My life has been filled with various darkness throughout. The cards I were given aren’t usually the ones that anyone would just take willingly. The lowest, darkest, and most irresponsible point in my life came in my early 20s.
It wasn’t until after my tour in Iraq that my life would be crashing down. Failed relationships after failed relationships, alcoholic abuse, and surrounding myself with invaluable individuals who used me for my money and popularity.
Post-traumatic stress got the best of me as I failed to mentally prep for my second deployment to Iraq. I was sent home early with no direction. I was working minimum wage at Subway and almost got evicted from my apartment due to rent not being paid. Then a blessing that turned into one hell of a life test. As I am just starting my treatment for post traumatic stress for the first time in my life, I got long-term orders to work in Fort McCoy at the Wisconsin Military Academy. However, I would fail the test.
Even when I found a decent job as a federal employer at Fort McCoy, I would just throw that hard earned money away to partying across the Upper Midwest. I was empty. I had no purpose. I was reckless. I didn’t realize the gift I had with my expressions and writing. I had nothing to live for. I went on years of this lifestyle until I got the call from my mother.
“Kenny is in the hospital…”
One of the few father figures I had in and out of my life (possibly my biological father), was sick. I don’t mean with the flu or even with cancer. Kenny had decades of this reckless lifestyle ahead of me, however the illness he lived with was covered up over the years for my protection, until that very moment in my life. All that was revealed was from a fall from a fucking ladder. A fucking ladder.
With heartache, confusion, and revelations, I turned to my best friend at the time. It was 2010. We both agreed it would be best if I would stop my bad habits. He took all my liquor I kept at his place and hide it. Quitting cold turkey with the drama that ensued was another failed test. My life, the same patterns, but with different faces. Something had to change. However, that was the time I was going blind, yet again, for love.
A lot of people who’ve come and gone in my life don’t know that I’ve tried quitting my party habits in 2010, however it was short lived, as my old habits resurfaced over the next two years. Even as I somehow completed my first college degree. Not sure how, as my days were either filled with drinks or hangovers. So how does this story even relate to any kind of film you may ask? Let’s just say I shook hands with the devil during those years of irresponsibility.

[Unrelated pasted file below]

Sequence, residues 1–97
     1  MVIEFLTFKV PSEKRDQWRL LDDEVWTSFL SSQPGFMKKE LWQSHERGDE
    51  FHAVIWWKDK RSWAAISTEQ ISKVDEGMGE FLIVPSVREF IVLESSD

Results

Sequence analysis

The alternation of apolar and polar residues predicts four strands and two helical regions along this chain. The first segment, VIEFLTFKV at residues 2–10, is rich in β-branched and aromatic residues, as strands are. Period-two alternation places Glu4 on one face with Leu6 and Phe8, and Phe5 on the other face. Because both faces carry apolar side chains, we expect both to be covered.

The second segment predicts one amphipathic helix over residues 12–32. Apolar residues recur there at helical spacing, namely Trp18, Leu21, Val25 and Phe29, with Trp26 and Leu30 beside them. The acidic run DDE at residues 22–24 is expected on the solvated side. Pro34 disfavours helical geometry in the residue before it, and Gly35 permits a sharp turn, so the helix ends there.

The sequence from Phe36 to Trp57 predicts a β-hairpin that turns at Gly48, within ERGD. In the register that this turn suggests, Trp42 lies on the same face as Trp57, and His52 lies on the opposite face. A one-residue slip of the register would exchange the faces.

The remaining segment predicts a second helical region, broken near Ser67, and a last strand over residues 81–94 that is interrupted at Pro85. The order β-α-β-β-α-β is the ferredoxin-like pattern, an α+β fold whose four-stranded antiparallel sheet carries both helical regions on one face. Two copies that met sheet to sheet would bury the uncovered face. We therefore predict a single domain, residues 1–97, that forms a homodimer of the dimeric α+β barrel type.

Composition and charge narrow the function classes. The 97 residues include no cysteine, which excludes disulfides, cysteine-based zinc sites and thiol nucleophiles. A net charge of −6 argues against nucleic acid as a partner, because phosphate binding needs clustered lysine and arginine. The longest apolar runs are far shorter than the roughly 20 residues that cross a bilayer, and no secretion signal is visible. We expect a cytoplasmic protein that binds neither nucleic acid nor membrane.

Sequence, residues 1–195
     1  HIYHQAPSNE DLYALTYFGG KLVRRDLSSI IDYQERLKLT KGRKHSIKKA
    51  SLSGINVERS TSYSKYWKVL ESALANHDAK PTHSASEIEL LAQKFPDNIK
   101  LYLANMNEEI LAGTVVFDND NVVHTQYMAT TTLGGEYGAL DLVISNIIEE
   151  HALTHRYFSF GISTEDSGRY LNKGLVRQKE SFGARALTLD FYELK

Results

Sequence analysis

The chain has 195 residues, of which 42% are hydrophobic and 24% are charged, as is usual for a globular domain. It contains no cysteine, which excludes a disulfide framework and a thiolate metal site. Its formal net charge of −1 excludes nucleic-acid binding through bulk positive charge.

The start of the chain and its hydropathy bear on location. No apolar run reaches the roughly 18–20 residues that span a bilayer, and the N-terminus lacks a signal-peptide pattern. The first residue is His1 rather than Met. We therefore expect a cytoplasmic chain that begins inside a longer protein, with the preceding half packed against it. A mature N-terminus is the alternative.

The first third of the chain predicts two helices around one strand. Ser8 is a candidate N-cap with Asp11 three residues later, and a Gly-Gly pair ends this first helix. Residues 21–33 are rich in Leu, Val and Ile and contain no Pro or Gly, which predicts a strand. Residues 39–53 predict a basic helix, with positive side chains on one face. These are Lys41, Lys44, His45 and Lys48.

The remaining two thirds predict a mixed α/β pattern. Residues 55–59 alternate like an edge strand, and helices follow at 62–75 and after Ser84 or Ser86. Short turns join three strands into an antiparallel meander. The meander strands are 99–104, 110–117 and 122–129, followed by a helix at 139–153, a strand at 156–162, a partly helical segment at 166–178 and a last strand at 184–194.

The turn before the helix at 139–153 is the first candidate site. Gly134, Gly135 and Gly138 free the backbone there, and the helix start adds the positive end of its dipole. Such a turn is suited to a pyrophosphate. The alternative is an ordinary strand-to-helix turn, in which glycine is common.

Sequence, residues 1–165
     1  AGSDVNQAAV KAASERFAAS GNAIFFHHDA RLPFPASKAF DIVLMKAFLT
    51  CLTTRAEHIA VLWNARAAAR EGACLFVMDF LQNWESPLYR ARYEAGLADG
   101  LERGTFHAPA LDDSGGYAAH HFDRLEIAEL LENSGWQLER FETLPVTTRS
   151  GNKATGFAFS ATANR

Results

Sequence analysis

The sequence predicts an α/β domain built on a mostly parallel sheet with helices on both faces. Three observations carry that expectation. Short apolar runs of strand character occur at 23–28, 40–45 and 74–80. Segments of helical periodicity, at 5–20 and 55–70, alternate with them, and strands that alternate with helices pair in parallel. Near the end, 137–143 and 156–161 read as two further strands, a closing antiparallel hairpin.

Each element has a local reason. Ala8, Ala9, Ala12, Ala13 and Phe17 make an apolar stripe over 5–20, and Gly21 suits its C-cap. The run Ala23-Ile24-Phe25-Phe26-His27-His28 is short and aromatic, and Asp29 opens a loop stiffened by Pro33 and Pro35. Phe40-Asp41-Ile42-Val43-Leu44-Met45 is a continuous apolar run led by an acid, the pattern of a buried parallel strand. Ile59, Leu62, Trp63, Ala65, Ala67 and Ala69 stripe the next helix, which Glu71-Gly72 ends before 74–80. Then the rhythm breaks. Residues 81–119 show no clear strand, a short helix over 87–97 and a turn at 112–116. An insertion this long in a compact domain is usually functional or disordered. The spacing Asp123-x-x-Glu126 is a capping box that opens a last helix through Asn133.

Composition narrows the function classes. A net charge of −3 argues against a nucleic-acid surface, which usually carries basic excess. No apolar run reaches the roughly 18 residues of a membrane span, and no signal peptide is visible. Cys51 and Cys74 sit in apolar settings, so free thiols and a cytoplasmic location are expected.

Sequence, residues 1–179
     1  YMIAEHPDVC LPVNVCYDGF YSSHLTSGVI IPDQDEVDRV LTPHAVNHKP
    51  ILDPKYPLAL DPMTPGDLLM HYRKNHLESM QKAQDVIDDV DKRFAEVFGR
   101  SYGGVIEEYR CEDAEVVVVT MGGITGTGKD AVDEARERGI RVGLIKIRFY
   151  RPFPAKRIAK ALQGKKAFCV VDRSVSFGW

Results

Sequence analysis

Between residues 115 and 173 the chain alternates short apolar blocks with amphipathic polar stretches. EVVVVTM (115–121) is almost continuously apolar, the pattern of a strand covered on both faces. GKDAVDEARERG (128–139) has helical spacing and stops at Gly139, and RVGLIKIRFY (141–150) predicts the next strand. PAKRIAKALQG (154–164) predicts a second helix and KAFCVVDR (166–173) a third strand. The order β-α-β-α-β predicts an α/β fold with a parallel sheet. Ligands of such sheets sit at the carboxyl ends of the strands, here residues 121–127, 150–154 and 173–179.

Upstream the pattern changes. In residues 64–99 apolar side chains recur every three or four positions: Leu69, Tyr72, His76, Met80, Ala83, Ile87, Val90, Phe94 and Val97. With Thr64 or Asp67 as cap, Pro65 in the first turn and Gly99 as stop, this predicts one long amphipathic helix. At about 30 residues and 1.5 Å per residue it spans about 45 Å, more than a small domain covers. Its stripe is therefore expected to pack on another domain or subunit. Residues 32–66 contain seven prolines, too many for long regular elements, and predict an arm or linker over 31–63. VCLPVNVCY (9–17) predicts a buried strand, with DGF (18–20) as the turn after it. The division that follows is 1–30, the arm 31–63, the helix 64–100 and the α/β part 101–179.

2012 came. Curiosity grew. Still struggling without structure in my life. I took a year and a half away from the uniform at the time (still on contract though through the Inactive Reserve), and decided to join the active Army Reserves in McCoy. I wanted to be a different soldier. To find new motivation, I gave into another La Femme Nikita marathon, but nothing was biting. I was urging for something more. I was seriously outdated with every cast member’s work, so I researched and what did I discover? General Romeo Dallaire’s (ret.) story:
This project really spoke out to me as a warrior with Post Traumatic Stress and having Roy Dupuis to play General Dallaire drew me to the project even more. Why? Roy gave up drinking and the party lifestyle prior to filming the television series, La Femme Nikita. This film project had me look up to him even more than I already had growing up. It was the ticket to my next chapter. To actually live life to my fullest ability, but first I had to work through my unsteady roller coaster after years of learning to not feeling a damn thing outside of alcohol.
Today, I may be a work in progress after decades of untreated chronic PTSD piling up in my life since the age of four, but I wouldn’t be where I am today with the perfect ingredients that have helped me along the way. That includes my military family that got me into and helped me with equestrian therapy and my medical board process to be retired from the military, the advisors and mentors that assist my needs when it comes to my mental health, and the friends that allowed me the opportunity to meet the biggest role model in my short complicated life. Most importantly, Roy taking on the role of General Romeo Dalliare (ret.) wholeheartedly.
With all of this and how my life sorted itself out, I do not use my PTSD as an excuse to fail in life, but as a motivation to keep my purpose alive. Without these struggles, I wouldn’t have resorted to storytelling, and discover art and entertainment as part of my therapy and passion. I know exactly what my triggers are for my anxiety and stress disorders. I know exactly what hobbies and interests I can benefit to improve my behavioral habits. I am more of myself today, because of watching Shake Hands With the Devil and admiring Roy Dupuis’ career. He’s one of the main ingredients in my survival and being as successful and courageous as I am today.
2 thoughts on “The Film That Saved Me From Myself”
You put your emotions and actions out for everyone to see in hopes that your journey can help someone else with struggles. It’s a beautiful story of finding yourself and your worth. Thanks for being brave enough to share it.
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Thank you for your kind words, Sherry!